ADVERTISEMENT
ADVERTISEMENT

Self- And Single-Subject Experiments

Michal Jasienski [The Scientist, March 4, 1996, page 10] wrote that self-experimentation and single-subject studies "represent a seriously flawed scientific methodology. Consequently, the results of all single-subject studies are bound to be erroneous." Quite a sweeping statement! Three momentous studies that disprove Jasienski's assertion come to mind: In the early 19th century, Italian physicist Alessandro Volta realized that existing electrometers were inadequate to measure currents generat

J Llaurado

Michal Jasienski [The Scientist, March 4, 1996, page 10] wrote that self-experimentation and single-subject studies "represent a seriously flawed scientific methodology. Consequently, the results of all single-subject studies are bound to be erroneous." Quite a sweeping statement! Three momentous studies that disprove Jasienski's assertion come to mind:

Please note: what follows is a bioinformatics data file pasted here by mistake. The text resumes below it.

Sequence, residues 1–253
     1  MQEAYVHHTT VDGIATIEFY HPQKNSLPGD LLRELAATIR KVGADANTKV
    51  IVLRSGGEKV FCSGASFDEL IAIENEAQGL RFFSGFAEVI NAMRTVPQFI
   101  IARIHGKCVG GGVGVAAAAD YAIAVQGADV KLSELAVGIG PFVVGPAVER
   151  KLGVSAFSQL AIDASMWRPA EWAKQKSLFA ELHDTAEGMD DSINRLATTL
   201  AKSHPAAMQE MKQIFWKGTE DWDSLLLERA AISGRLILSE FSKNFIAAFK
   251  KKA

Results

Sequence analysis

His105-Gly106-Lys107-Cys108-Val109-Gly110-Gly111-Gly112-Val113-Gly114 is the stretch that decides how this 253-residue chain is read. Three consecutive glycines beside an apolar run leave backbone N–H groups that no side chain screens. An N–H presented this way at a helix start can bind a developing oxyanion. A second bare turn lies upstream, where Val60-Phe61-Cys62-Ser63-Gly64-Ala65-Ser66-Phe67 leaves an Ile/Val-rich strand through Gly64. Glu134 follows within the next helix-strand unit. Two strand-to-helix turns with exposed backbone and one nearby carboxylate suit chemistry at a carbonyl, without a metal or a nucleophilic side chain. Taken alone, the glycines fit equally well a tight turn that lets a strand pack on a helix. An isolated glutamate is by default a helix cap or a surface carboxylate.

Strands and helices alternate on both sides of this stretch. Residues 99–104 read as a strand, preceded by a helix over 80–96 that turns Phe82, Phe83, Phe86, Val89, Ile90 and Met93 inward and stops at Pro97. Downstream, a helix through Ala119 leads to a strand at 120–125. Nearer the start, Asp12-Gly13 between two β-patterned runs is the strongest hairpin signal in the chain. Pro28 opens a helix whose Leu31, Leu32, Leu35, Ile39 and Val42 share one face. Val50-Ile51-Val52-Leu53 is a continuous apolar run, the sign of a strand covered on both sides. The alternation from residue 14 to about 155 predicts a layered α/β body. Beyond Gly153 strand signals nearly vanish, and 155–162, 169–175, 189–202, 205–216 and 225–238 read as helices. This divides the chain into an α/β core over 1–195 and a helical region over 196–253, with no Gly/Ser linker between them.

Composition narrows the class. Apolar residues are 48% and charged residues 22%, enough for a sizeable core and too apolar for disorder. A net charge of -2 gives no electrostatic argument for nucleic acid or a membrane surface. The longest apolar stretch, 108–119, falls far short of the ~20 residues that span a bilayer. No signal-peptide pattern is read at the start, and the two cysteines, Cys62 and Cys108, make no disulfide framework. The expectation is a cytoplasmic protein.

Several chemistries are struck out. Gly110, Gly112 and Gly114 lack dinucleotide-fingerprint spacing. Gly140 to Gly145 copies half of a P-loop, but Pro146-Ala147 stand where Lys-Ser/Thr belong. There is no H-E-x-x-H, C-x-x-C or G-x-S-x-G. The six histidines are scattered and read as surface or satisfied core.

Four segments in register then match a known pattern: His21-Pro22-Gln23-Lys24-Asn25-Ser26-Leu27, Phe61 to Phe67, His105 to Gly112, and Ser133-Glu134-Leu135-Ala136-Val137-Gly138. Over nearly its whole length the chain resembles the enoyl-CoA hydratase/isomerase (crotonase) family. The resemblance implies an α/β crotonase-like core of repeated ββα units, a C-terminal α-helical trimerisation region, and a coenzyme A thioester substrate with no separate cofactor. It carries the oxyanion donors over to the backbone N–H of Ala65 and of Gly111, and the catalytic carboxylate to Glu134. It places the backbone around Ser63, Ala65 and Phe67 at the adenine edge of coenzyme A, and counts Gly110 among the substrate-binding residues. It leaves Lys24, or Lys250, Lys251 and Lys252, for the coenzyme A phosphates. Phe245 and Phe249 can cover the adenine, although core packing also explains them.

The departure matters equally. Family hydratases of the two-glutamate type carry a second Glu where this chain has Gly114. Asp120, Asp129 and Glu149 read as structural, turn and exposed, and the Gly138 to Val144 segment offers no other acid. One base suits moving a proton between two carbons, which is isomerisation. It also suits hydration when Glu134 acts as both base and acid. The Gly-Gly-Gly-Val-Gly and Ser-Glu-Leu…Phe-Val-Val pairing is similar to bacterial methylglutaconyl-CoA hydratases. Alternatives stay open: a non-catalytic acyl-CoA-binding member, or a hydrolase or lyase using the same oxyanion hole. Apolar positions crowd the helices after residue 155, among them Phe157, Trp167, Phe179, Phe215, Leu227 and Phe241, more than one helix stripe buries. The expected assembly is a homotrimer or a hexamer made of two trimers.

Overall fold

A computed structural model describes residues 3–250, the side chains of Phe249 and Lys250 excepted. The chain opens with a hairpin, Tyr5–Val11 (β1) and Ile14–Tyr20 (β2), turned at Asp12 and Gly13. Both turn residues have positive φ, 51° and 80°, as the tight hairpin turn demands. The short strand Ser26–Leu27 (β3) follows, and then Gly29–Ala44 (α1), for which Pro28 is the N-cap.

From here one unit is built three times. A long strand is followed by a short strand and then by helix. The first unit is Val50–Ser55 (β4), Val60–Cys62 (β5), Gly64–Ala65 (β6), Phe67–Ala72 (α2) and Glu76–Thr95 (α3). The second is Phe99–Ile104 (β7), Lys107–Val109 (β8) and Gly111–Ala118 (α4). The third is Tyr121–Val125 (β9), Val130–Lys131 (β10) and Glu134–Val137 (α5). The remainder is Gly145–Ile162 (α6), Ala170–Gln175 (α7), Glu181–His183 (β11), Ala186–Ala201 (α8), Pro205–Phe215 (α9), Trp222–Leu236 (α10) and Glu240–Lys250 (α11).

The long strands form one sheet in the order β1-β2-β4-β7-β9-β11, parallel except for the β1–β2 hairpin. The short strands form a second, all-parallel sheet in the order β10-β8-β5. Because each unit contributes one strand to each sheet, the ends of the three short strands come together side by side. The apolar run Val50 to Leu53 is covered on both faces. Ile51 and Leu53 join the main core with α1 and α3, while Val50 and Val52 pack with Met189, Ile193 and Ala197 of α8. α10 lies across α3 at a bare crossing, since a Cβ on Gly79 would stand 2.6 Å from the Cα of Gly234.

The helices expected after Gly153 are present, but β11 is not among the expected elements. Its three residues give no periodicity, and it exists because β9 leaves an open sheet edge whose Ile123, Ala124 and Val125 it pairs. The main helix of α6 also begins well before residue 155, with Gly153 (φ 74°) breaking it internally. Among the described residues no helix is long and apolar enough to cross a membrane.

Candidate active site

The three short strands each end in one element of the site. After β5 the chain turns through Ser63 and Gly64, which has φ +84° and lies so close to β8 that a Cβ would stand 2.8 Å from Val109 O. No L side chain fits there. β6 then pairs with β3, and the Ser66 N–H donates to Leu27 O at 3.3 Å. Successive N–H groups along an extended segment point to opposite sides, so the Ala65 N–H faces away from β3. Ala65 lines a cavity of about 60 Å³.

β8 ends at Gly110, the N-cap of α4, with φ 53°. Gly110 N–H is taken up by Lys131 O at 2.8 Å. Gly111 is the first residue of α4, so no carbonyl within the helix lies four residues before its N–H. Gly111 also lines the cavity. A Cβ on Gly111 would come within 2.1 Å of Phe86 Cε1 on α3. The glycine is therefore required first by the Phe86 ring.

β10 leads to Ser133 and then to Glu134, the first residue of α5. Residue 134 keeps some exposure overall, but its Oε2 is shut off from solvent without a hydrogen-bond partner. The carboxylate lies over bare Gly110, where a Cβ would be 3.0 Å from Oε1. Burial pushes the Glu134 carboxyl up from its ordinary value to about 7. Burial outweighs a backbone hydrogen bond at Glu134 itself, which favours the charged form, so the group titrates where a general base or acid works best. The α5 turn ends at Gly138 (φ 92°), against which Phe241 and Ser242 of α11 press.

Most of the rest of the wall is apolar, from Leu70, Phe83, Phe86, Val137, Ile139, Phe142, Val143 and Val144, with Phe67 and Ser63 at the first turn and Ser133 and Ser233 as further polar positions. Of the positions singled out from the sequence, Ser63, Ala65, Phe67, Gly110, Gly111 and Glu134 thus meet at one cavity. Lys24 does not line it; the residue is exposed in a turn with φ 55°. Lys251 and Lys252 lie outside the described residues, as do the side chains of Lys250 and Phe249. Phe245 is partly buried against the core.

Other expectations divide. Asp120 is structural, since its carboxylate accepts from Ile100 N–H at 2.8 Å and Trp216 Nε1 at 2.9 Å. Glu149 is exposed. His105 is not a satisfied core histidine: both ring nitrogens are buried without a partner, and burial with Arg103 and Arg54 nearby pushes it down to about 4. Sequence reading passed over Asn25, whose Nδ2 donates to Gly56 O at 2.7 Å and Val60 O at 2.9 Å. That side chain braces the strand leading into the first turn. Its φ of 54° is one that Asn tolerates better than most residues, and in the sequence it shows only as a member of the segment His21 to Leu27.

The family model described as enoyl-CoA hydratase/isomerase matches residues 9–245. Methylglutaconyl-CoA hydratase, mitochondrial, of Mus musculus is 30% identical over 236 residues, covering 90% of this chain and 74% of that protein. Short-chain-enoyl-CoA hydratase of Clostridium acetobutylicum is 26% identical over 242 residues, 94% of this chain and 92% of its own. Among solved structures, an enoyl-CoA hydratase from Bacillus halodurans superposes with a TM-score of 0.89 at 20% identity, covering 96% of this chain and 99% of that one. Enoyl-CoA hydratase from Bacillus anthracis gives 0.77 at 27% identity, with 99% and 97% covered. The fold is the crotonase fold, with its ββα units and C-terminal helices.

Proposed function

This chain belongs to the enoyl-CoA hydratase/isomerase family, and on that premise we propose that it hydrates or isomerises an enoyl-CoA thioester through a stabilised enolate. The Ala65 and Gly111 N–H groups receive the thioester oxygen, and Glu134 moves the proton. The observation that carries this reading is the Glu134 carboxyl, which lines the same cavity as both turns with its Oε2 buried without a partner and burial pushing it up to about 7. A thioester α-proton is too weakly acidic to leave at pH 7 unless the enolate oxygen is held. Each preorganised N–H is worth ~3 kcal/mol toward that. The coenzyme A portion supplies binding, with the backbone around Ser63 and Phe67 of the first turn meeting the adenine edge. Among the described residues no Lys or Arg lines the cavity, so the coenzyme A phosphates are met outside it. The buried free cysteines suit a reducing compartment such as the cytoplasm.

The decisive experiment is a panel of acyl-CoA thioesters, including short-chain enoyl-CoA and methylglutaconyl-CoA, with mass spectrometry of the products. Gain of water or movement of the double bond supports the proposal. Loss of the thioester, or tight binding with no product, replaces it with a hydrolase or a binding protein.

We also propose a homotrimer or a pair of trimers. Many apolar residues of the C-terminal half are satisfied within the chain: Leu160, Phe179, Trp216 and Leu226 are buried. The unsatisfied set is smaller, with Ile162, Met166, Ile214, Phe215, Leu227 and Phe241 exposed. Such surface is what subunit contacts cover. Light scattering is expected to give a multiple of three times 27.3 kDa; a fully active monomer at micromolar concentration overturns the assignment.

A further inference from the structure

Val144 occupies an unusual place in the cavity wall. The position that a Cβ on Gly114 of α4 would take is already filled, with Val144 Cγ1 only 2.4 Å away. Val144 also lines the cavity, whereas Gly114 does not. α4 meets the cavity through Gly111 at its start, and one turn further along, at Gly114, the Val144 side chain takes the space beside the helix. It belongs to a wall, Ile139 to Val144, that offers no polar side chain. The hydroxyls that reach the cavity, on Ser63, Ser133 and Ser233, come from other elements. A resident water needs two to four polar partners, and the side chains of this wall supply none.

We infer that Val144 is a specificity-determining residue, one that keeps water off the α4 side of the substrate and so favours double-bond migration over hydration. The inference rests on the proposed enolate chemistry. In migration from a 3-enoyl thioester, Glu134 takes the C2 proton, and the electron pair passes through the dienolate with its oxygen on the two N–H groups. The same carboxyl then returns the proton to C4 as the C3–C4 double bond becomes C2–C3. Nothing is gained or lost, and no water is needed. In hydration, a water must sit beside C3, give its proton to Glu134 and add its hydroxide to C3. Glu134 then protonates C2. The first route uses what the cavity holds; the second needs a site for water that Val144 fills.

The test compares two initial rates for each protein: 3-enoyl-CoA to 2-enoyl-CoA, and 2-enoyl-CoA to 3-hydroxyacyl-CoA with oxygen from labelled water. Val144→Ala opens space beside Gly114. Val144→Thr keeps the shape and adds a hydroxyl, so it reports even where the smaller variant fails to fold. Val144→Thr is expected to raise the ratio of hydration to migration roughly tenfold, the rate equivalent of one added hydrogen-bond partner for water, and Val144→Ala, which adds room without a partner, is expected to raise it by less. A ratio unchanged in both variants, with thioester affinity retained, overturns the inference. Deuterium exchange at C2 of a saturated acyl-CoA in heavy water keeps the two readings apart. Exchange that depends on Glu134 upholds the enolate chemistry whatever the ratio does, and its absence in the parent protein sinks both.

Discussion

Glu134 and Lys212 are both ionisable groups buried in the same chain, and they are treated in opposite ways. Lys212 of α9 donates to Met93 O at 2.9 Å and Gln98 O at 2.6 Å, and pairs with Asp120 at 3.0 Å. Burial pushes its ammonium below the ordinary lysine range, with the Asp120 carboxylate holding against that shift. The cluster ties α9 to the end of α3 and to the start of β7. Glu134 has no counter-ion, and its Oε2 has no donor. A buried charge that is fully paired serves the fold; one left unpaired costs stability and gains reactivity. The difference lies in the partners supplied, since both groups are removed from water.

In the early 19th century, Italian physicist Alessandro Volta realized that existing electrometers were inadequate to measure currents generated by voltaic elements. He used his bodily senses to quantitate currents-today believed sufficient to cause lethal arrhythmias on a less corpulent man than Volta-thus finding a sustained source of electricity.

French chemist Louis Pasteur successfully administered his curative vaccine for rabies to one person, thus initiating immunotherapy and immunology.

In our century, Werner Forssmann passed a ureteral catheter through a forearm vein into his heart and roentgenographically documented it.

Certainly Volta, Pasteur, and Forssmann's experiments were not erroneous. Humanity will continue to...

Interested in reading more?

Become a Member of

Receive full access to digital editions of The Scientist, as well as TS Digest, feature stories, more than 35 years of archives, and much more!
Already a member?
ADVERTISEMENT